In 2010, the U.S. Supreme Court’s disastrous Citizens United ruling opened the floodgates for special
interests to spend unlimited amounts of money to influence elections.
In 2014, the price we are paying for this misguided decision is the most expensive midterm election in history coupled with record low voter turnout. Either of these trends would be of serious concern; together, they are catastrophic.
The California League of Conservation Voters and California Common Cause are working together to address
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this grave threat to the health of our environment and our democracy.
In California and across the country, we are seeing unprecedented spending by the oil industry and
related corporations in our elections. Groups tied to the energy industry spent more than $270 million
on TV ads in just the final two months of the 2012 election cycle alone.
And this election year, they are on track for even more, with the oil billionaire Koch brothers reported to have spent around $300
million all by themselves.
Americans are paying the price as members of Congress backed by the chemical and oil industries refuse to take
action to protect our health or deal with climate change. Their inaction hits close to home. High levels
of soot and ozone can cause smog in the increasingly higher temperatures of the San Joaquin Valley,
contributing to respiratory and cardiovascular disease.
This summer, Time Magazine called Bakersfield “the worst place to breathe in America,” But it’s in close competition with Fresno for the title. Asthma, particularly in children, is prevalent throughout the region, and of Fresno has one of the highest
childhood asthma rates in California — 20% of children ages 5 to 17 are affected — along with
high rates of asthma-related pediatric emergency room visits and hospitalizations.
It’s estimated that $35 million is spent countywide per year for hospital costs for children with asthma.
That’s just the beginning of the price Californians pay for lack of action on polluting emissions. Between
2011 and 2012 alone, 25 of the most extreme weather events nationwide resulted in up to $188 billion
Extreme drought and raging wildfires are just some of the consequences of global climate
change, and we’re seeing all of them right here, right now in California. A study from the University of California at Davis estimated
farm-related drought losses at $1.7 billion this year in California.
The story with the power of the finance, insurance, and real estate (FIRE) sector is equally dramatic. In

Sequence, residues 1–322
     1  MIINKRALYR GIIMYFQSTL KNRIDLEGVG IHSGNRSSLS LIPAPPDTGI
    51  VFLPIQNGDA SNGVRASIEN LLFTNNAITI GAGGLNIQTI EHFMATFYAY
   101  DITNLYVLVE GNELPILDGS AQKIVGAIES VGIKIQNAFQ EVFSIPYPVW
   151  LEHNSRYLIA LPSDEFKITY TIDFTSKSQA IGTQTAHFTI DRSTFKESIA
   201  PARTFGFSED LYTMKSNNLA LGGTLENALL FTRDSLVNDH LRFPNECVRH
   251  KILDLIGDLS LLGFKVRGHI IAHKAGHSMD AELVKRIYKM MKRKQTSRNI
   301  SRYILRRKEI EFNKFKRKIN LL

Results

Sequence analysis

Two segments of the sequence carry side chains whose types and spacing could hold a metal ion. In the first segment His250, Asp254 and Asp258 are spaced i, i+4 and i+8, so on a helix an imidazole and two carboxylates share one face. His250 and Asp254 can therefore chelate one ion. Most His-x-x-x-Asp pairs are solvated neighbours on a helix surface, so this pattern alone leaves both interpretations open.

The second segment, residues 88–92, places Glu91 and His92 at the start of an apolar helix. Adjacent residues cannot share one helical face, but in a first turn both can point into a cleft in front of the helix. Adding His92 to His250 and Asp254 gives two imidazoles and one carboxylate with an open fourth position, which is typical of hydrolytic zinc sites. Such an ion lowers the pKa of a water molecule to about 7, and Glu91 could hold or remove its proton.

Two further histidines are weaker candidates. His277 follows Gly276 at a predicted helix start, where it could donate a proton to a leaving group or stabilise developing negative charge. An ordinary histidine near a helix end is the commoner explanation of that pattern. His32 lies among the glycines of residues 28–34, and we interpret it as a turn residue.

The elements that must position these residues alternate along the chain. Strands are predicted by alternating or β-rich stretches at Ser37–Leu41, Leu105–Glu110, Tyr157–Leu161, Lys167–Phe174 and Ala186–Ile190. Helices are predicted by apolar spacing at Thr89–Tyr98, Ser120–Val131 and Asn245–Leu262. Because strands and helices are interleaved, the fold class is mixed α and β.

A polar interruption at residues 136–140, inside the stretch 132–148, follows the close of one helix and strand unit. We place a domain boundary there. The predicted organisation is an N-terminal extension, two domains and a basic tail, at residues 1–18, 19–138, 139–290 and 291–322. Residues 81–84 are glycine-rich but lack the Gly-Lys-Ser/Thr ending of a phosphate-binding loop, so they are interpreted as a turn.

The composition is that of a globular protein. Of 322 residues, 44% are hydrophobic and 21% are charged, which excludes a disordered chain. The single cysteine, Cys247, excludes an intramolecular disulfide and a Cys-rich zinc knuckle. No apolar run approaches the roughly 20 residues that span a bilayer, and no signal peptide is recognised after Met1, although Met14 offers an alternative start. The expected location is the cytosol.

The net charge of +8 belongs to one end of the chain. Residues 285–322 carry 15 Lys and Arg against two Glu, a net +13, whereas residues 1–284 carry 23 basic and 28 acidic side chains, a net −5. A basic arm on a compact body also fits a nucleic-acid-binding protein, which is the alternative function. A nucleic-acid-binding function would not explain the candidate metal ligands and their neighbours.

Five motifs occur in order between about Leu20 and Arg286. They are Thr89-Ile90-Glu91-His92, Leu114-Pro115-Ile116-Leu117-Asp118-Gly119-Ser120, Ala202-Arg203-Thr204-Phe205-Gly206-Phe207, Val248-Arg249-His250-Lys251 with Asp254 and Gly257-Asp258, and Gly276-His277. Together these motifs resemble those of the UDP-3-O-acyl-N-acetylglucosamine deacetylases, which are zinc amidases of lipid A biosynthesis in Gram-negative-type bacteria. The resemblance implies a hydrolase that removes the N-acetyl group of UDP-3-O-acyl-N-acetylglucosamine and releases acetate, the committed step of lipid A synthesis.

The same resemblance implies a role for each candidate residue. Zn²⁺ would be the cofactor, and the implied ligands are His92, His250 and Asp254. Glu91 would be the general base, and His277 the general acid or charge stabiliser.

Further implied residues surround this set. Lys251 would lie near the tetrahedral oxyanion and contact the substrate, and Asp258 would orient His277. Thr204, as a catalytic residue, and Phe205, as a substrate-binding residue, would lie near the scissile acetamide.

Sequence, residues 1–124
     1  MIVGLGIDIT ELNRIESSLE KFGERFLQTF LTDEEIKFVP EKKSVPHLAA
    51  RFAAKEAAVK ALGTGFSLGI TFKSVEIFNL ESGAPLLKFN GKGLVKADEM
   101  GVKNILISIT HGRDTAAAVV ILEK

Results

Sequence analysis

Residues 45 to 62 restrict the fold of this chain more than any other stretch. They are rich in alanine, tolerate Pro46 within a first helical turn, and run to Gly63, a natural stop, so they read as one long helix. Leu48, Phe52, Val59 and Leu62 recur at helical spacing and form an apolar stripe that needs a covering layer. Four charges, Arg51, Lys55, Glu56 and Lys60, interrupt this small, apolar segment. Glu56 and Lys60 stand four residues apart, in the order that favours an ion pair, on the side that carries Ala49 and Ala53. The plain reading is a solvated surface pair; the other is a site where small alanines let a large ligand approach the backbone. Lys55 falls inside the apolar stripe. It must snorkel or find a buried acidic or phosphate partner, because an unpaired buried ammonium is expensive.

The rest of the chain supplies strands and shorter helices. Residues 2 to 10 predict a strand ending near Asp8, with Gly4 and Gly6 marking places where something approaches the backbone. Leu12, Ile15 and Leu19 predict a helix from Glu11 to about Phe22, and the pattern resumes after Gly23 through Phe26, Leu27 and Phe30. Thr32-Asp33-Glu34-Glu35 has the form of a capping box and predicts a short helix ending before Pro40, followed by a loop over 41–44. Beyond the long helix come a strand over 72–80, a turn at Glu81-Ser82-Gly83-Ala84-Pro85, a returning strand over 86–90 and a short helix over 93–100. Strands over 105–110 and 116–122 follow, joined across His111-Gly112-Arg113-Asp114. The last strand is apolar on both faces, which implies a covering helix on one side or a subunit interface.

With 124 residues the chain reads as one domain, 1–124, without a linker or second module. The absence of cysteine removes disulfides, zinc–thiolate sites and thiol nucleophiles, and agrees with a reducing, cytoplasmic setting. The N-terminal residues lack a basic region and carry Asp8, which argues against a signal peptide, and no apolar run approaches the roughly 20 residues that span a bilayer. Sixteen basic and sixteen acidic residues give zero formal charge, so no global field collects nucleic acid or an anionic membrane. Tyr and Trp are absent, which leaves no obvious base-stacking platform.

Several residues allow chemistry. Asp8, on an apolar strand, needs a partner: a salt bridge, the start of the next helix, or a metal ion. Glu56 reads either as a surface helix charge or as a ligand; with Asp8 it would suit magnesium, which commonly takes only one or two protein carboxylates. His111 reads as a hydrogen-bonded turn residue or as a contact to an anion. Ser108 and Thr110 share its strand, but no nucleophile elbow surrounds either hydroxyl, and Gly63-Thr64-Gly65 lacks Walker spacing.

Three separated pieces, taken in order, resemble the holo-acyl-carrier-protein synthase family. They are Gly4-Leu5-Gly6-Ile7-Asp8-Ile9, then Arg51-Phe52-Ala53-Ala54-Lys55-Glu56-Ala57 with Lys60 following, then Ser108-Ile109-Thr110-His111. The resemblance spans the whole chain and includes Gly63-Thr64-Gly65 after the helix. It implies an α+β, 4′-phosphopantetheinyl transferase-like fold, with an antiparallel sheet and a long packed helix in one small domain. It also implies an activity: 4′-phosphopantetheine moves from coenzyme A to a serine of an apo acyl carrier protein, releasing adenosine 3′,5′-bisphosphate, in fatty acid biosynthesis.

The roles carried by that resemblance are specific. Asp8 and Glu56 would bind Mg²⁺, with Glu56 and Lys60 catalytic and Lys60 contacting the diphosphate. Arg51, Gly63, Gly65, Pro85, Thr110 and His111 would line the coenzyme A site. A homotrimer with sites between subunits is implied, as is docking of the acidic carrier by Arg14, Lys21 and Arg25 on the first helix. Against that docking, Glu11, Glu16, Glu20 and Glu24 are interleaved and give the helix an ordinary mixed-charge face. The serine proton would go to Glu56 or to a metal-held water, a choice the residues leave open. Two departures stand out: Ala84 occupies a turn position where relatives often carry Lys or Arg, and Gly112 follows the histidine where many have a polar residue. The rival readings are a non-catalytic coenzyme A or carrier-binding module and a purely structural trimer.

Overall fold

each of the last eight election cycles, FIRE donors dumped more money into federal elections than any
other industry. And FIRE spent over $420 million in the 2014 election cycle to elect their allies.
We all paid a harsh price for big money contributions from Wall Street, which weakened banking rules leading to the sub-prime mortgage crisis. By the end of 2007, a full 25% of foreclosures were in California. Homeowners saw property values decline by $1.2 trillion and more than 500,000 fewer jobs were created.
But the FIRE industry’s clout continues unabated. When the House considered the 2013 bill to weaken banking regulations, co-sponsors of the bill received 16 times the funds from banks than other members. Sadly, the banking industry’s big money contributions bought influence while the sub-
prime mortgage crisis devastated California, and disproportionally hurt Valley residents.
As advocates for a cleaner environment and a better democracy, we know that it’s time to fight the tidal
wave of corrupt cash that is flooding our elections and polluting our democracy. We need solutions that
would combat the influence of big money in politics, raise civic engagement, and amplify the voice of
average Americans. Nursing our democracy back to health should be a bipartisan effort.
In the 114th Congress, we are calling on Rep. Kevin McCarthy, R-Bakersfield, to stand with Valley residents and
support meaningful reform that will curb the influence of special interest money in elections and help
level the playing field for everyday voters to make a difference in our democracy. It is past time for our
elected representatives to put the people before their campaign contributors.